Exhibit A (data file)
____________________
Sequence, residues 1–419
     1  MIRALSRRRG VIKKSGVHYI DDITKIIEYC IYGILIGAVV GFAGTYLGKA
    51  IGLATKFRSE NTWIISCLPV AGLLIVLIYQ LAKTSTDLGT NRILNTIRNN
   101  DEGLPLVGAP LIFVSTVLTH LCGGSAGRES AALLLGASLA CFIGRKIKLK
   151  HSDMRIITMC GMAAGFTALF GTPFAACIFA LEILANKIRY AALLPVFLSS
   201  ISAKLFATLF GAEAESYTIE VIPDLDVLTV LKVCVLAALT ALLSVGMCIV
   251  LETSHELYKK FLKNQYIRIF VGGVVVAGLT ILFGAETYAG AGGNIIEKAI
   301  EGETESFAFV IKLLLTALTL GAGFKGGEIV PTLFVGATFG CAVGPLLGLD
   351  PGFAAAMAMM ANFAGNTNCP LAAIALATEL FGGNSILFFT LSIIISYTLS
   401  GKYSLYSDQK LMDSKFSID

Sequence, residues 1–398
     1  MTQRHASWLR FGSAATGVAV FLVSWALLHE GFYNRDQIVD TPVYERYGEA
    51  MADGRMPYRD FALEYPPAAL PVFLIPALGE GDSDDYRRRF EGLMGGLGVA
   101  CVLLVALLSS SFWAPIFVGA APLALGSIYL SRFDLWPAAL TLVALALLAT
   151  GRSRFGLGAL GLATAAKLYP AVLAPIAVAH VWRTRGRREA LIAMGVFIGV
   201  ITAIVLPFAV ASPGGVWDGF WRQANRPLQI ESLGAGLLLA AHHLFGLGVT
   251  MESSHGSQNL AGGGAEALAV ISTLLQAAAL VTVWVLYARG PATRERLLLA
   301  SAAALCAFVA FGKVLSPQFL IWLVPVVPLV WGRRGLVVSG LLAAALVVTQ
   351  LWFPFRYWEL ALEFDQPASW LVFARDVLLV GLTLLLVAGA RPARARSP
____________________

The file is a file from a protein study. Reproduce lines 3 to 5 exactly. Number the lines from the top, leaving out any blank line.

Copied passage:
    51  IGLATKFRSE NTWIISCLPV AGLLIVLIYQ LAKTSTDLGT NRILNTIRNN
   101  DEGLPLVGAP LIFVSTVLTH LCGGSAGRES AALLLGASLA CFIGRKIKLK
   151  HSDMRIITMC GMAAGFTALF GTPFAACIFA LEILANKIRY AALLPVFLSS